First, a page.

»Holography of Wi-Fi radiation«
2017-12-29, 10:30–11:30, Saal Dijkstra
Holography of Wi-Fi radiation Philipp Holl [1,2] and Friedemann Reinhard 
 Max Planck Institute for Physics  Walter Schottky Institut and Physik-Department, Technical University of Munich
When we think of wireless signals such as Wi-Fi or Bluetooth, we usually think of bits and bytes, packets of data and runtimes.
Interestingly, there is a second way to look at them. From a physicist's perspective, wireless radiation is just light, to be precise: coherent electromagnetic radiation. It is virtually the same as the beam of a laser, except that its wavelength is much longer (cm vs µm).
We have developed a way to visualize this radiation, providing a view of the world as it would look like for eyes sensitive to wireless radiation.
Our scheme is based on holography, a technique to record three-dimensional pictures by a phase-coherent recording of radiation in a two-dimensional plane. This technique is traditionally implemented using laser light. We have adapted it to work with wireless radiation, and recorded holograms of building interiors illuminated by the omnipresent stray field of wireless devices. In the resulting three-dimensional images we can see both emitters (appearing as bright spots) and absorbing objects (appearing as shadows in the beam). Our scheme does not require any knowledge of the data transmitted and works with arbitrary signals, including encrypted communication.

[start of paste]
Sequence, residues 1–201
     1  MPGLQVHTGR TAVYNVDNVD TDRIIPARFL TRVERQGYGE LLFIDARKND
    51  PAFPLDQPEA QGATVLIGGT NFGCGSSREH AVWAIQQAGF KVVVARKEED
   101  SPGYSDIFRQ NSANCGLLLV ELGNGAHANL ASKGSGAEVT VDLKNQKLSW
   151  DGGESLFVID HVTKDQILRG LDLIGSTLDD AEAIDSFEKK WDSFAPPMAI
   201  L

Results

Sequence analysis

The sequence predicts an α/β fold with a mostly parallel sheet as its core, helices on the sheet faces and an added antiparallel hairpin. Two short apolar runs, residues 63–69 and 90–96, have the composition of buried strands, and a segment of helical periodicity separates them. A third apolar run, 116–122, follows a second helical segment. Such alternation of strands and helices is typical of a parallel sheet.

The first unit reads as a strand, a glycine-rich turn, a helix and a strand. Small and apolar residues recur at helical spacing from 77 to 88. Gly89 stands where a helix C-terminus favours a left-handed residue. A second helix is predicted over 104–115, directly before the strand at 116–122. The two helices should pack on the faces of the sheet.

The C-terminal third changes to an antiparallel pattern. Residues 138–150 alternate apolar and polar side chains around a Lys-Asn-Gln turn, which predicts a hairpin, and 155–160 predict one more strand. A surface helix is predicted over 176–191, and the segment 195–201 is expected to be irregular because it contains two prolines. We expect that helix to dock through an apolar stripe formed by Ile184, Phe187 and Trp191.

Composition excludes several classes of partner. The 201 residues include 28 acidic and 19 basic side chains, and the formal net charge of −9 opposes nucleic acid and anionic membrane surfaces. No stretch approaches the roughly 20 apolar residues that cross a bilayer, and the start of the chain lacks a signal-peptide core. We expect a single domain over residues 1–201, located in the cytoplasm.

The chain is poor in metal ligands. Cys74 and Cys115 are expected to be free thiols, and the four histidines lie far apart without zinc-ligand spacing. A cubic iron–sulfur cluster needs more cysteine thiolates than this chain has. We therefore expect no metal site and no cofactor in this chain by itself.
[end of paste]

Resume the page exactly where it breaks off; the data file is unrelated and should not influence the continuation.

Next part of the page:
This result has several implications: it could provide a way to track wireless emitters in buildings, it could provide a new way for through-wall imaging of building infrastructure like water and power lines. As these applications are available even with encrypted communication, it opens up new questions about privacy."
I am running an Emmy Noether research group at the Technical University of Munich. We have had a publication on the above result this year (P. Holl, F. Reinhard, Phys. Rev. Lett. 118, 183901 (2017), https://journals.aps.org/prl/abstract/10.1103/PhysRevLett.118.183901) which has triggered significant attention by the media, with reports in Science, Physics Focus, Heise Online and Russia Today, among many others. I believe that it could be of interest for a wider community, as it presents a new way to think about wireless communication, and could inspire various hacking projects.